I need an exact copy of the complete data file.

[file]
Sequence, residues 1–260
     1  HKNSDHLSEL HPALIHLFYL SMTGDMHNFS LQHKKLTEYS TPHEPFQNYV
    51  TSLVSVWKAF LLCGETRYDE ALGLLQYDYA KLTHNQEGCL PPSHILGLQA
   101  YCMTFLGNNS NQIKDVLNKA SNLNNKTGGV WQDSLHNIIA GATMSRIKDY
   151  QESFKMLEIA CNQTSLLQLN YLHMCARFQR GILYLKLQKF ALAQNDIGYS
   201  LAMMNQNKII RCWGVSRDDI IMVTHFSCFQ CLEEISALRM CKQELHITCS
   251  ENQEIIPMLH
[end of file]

Sequence, residues 1–260
     1  HKNSDHLSEL HPALIHLFYL SMTGDMHNFS LQHKKLTEYS TPHEPFQNYV
    51  TSLVSVWKAF LLCGETRYDE ALGLLQYDYA KLTHNQEGCL PPSHILGLQA
   101  YCMTFLGNNS NQIKDVLNKA SNLNNKTGGV WQDSLHNIIA GATMSRIKDY
   151  QESFKMLEIA CNQTSLLQLN YLHMCARFQR GILYLKLQKF ALAQNDIGYS
   201  LAMMNQNKII RCWGVSRDDI IMVTHFSCFQ CLEEISALRM CKQELHITCS
   251  ENQEIIPMLH